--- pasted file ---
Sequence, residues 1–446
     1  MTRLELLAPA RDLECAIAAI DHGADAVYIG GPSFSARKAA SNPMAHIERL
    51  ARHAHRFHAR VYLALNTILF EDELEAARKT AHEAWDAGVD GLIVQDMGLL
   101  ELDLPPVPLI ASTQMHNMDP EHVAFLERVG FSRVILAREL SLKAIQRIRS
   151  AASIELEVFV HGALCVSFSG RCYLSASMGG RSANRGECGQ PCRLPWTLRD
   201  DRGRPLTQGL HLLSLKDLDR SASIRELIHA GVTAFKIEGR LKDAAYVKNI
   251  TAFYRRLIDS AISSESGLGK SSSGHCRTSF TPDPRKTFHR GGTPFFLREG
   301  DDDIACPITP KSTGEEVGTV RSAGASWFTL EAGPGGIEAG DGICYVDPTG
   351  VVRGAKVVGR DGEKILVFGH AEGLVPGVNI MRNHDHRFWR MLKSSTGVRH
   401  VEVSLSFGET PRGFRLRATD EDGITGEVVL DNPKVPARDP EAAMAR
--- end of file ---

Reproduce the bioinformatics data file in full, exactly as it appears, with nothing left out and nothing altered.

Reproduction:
Sequence, residues 1–446
     1  MTRLELLAPA RDLECAIAAI DHGADAVYIG GPSFSARKAA SNPMAHIERL
    51  ARHAHRFHAR VYLALNTILF EDELEAARKT AHEAWDAGVD GLIVQDMGLL
   101  ELDLPPVPLI ASTQMHNMDP EHVAFLERVG FSRVILAREL SLKAIQRIRS
   151  AASIELEVFV HGALCVSFSG RCYLSASMGG RSANRGECGQ PCRLPWTLRD
   201  DRGRPLTQGL HLLSLKDLDR SASIRELIHA GVTAFKIEGR LKDAAYVKNI
   251  TAFYRRLIDS AISSESGLGK SSSGHCRTSF TPDPRKTFHR GGTPFFLREG
   301  DDDIACPITP KSTGEEVGTV RSAGASWFTL EAGPGGIEAG DGICYVDPTG
   351  VVRGAKVVGR DGEKILVFGH AEGLVPGVNI MRNHDHRFWR MLKSSTGVRH
   401  VEVSLSFGET PRGFRLRATD EDGITGEVVL DNPKVPARDP EAAMAR